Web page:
In addition, monetary policy would lose strength. Central banks cannot set interest rates in a foreign currency. Typically, when a country adopts a foreign currency as its own, it “imports” the credibility of foreign monetary policy and hopes to align its economy and interest rates with the foreign business cycle. Neither of these is possible in the case of widespread adoption of crypto assets.
As a result, domestic prices could become very unstable. Even if all prices were quoted in, say, Bitcoin, the prices of imported goods and services would still fluctuate wildly, following the vagaries of market valuations.
Financial integrity could also suffer. Without robust anti-money laundering and combating the financing of terrorism measures, crypto assets can be used to launder ill-gotten money, finance terrorism, and evade taxes. This could pose risks to the financial system, fiscal balance and relationships with foreign countries and correspondent banks of a country.
The Financial Action Task Force has established a standard for how virtual assets and related service providers should be regulated to limit financial integrity risks. But the application of that standard is not yet consistent across countries, which can be problematic given the potential for cross-border activities.
More legal problems arise. Legal tender status requires that a means of payment be widely accessible. However, internet access and the technology needed to transfer crypto assets remain scarce in many countries, raising concerns about fairness and financial inclusion. In addition, the official monetary unit must have a sufficiently stable value to facilitate its use for medium to long-term monetary obligations. And changes in a country’s legal tender status and monetary unit generally require complex and widespread changes in monetary law to avoid creating a disjointed legal system.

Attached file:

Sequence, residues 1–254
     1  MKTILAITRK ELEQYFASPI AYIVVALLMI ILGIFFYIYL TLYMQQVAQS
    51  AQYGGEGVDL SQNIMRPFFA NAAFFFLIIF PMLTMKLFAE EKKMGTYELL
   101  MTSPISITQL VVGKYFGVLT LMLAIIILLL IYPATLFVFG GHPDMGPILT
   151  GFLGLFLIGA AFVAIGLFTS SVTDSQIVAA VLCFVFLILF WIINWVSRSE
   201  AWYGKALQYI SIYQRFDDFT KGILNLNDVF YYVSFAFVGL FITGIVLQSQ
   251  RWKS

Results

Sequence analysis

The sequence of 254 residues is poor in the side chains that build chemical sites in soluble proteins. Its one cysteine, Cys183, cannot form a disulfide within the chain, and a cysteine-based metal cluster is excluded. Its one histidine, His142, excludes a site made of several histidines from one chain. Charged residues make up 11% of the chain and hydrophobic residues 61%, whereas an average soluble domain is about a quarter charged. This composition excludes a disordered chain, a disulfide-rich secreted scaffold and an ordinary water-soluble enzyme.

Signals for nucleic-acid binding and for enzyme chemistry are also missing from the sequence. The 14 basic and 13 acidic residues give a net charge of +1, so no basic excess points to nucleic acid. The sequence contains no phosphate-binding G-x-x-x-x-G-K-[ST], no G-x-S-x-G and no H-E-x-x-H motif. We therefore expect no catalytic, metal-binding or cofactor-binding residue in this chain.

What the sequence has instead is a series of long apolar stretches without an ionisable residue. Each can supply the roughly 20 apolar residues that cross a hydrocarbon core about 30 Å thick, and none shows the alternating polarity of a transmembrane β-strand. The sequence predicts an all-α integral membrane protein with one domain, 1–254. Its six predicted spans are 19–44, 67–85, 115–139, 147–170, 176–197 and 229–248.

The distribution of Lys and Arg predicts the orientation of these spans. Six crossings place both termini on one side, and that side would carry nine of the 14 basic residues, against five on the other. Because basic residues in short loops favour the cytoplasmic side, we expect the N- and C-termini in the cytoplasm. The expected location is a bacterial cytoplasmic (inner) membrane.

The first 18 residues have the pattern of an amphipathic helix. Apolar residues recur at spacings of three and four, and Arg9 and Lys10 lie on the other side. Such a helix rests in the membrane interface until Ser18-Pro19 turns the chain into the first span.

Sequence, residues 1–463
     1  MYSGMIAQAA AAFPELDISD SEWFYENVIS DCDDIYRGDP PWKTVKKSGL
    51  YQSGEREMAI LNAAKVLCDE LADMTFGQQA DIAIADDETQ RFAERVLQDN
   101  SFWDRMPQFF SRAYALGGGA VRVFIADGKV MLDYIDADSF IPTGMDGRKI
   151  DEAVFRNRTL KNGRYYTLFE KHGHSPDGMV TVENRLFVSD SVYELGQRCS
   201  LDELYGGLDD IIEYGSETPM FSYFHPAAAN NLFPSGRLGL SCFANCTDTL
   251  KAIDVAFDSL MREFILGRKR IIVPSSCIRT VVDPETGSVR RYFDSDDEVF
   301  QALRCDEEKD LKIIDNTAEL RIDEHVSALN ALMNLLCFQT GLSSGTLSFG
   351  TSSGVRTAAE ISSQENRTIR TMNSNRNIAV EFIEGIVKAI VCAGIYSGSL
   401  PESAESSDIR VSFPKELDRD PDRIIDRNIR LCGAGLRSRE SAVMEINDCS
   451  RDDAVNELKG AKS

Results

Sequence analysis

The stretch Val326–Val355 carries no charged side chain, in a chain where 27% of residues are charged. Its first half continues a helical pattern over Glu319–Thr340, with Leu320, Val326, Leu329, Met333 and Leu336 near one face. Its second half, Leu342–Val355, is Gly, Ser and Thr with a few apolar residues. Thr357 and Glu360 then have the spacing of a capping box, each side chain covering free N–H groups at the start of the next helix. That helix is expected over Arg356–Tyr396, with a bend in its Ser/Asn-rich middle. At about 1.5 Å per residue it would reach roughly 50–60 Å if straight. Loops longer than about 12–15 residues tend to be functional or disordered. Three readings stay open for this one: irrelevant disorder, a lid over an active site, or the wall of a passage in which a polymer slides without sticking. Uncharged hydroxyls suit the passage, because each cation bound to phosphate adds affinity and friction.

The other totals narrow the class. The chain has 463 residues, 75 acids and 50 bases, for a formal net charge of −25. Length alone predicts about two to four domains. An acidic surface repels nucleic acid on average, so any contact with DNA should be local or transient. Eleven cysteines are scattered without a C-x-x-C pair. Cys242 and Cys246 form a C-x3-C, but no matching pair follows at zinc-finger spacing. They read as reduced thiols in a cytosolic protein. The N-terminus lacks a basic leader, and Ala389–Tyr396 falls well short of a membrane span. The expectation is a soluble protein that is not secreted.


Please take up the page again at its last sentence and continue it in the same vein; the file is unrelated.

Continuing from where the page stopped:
Additionally, banks and other financial institutions could be exposed to massive fluctuations in the prices of crypto assets. It is unclear whether prudential regulation against foreign currency exposures or risky assets at banks could be sustained if Bitcoin, for example, were granted legal tender status.
Furthermore, the widespread use of crypto assets would undermine consumer protection. Households and businesses could lose wealth due to large changes in value, fraud or cyber attacks. While the technology underlying crypto assets has proven to be extremely robust, technical failures could occur. In the case of Bitcoin, recourse is difficult as there is no legal issuer.
Finally, mined crypto assets like Bitcoin require an enormous amount of electricity to power the computer networks that verify transactions. The ecological implications of adopting these crypto assets as the national currency could be dire.
Striking A Balance
As a national currency, crypto assets, including Bitcoin, carry substantial risks to macro-financial stability, financial integrity, consumer protection, and the environment. The benefits of its underlying technologies, including the potential for cheaper and more inclusive financial services, should not be overlooked. However, governments must step up to provide these services and take advantage of new digital forms of money while preserving stability, efficiency, equality and environmental sustainability. Attempting to make crypto assets a national currency is an ill-advised shortcut.